International Domestic Workers’ Day

Putting the spotlight on minimum entitlements for Vietnamese domestic workers

By Gyorgy Sziraczki, Director of ILO Country Office for Viet Nam

Comment | 15 June 2015
Domestic work is emerging as a growth sector for Vietnamese workers seeking opportunities both within Viet Nam and abroad. This International Domestic Workers’ Day is a timely reminder to consider the future of Vietnamese domestic workers, to understand the challenges an increase in numbers may bring, and to work to ensure Vietnamese domestic workers are protected by strong minimum entitlements, including when working in foreign destinations far from home.

Four years ago, on 16 June, the International Labour Conference adopted the Domestic Workers Convention, 2011 (No. 189), a milestone in improving protections for the 53 million domestic workers employed globally. The Convention and its accompanying Recommendation were the first international standards to be applied specifically to domestic workers, including migrant domestic workers.

In the coming years Vietnamese workers are likely to make up an increasing number of the world’s domestic workers. Key factors driving growth in the domestic work sector within Viet Nam are the rapidly growing middle-class and limited healthcare services. This growth at the national level has also resulted in increased awareness of opportunities for migrants to undertake domestic work abroad, building on strong existing interest in diverse destinations, such as Macau (China), Taiwan (China) and Cyprus.

There continues to be a high demand for domestic workers in advanced economies due to internal labour shortages. However, it is important to recognise that as new opportunities arise for Vietnamese migrant domestic workers abroad, neighbouring countries, including the Philippines, Indonesia, Myanmar and Cambodia have all, at various time, suspended their migrant domestic workers from travelling to certain destinations due to evidence of maltreatment.

In the present context, Viet Nam continues to pursue migration targets and there have been recent bilateral developments with key labour markets where there is existing demand for domestic workers. For example, Taiwan (China) has agreed to lift a 2005 suspension on the recruitment of new Vietnamese domestic workers; the Thai Government has agreed to allow irregular Vietnamese domestic workers to register for one-year work permits; and Saudi Arabia and Viet Nam have recently signed an MOU covering the recruitment of domestic workers.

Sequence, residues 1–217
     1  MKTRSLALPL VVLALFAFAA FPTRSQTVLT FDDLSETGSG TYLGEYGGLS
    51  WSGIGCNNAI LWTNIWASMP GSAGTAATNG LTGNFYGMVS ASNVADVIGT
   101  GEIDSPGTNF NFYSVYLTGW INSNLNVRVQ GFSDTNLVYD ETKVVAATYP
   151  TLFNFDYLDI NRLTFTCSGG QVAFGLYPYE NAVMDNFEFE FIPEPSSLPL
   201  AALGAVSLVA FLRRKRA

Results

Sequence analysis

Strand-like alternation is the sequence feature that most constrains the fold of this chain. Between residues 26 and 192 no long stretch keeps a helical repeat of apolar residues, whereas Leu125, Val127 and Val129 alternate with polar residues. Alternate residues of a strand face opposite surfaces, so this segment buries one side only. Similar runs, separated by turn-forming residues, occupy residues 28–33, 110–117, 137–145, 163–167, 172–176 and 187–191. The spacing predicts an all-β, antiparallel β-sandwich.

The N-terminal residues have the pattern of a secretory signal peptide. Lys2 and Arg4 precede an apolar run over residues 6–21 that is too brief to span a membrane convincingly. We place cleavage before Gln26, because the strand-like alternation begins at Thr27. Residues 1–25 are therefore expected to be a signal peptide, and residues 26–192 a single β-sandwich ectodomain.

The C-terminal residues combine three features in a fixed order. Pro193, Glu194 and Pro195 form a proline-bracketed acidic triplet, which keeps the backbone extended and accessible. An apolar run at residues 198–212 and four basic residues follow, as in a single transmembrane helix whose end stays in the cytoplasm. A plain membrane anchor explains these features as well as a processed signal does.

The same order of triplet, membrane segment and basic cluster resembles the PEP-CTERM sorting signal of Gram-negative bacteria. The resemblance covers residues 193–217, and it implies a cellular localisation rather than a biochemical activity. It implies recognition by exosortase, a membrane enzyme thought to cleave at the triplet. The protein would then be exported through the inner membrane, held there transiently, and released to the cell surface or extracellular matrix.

Strong minimum entitlements and transparent and accountable recruitment practices need to be at the forefront of policies facilitating an increase in Vietnamese migrant domestic workers working abroad. This is critical given domestic workers are especially vulnerable to abuse compared with other workers employed in other sectors.
Factors contributing to this vulnerability include the highly gendered nature of domestic work, and the prevalence of live-in work arrangements which can increase dependence and abuse, and limit access to family, support services and unions that protect and provide for domestic workers’ needs.

The loss of connection with family is a particular issue keenly felt by many Vietnamese migrant domestic workers given that many Vietnamese workers are women with children and who travel overseas for the sole purpose of working to support their family.

Further, domestic workers, and migrant domestic workers in particular, are regularly excluded from national workplace laws or afforded lesser protections than other workers, including in Taiwan (China), Thailand and Saudi Arabia. At present, there are 5,000 Vietnamese migrant domestic workers currently employed in Saudi Arabia who have limited legislated protections, for example under Saudi Arabian law their minimum rest period is only 9 hours per day and they are required to follow their employer’s orders at all times.

In the near future Viet Nam will be negotiating a model contract with Saudi Arabia to detail basic employment conditions for migrant domestic workers and it is crucial that this provides for strong minimum entitlements to ensure workers are adequately protected. Viet Nam should leverage its own national experience during negotiations, noting it has already taken practical steps to improve entitlements for domestic workers in Viet Nam through Decree No. 27 which mandates the inclusion of certain minimum entitlements in employment contracts.

International Domestic Workers’ Day is an opportunity to recognize the contribution of all Vietnamese domestic workers, including migrant workers, as the sector continues to expand. It is critical this recognition brings with it a call for strengthened rights and minimum entitlements.

The ILO Country Office for Viet Nam has today released a policy paper to mark International Domestic Workers Day: The growing trend of Vietnamese migrant domestic workers is available here.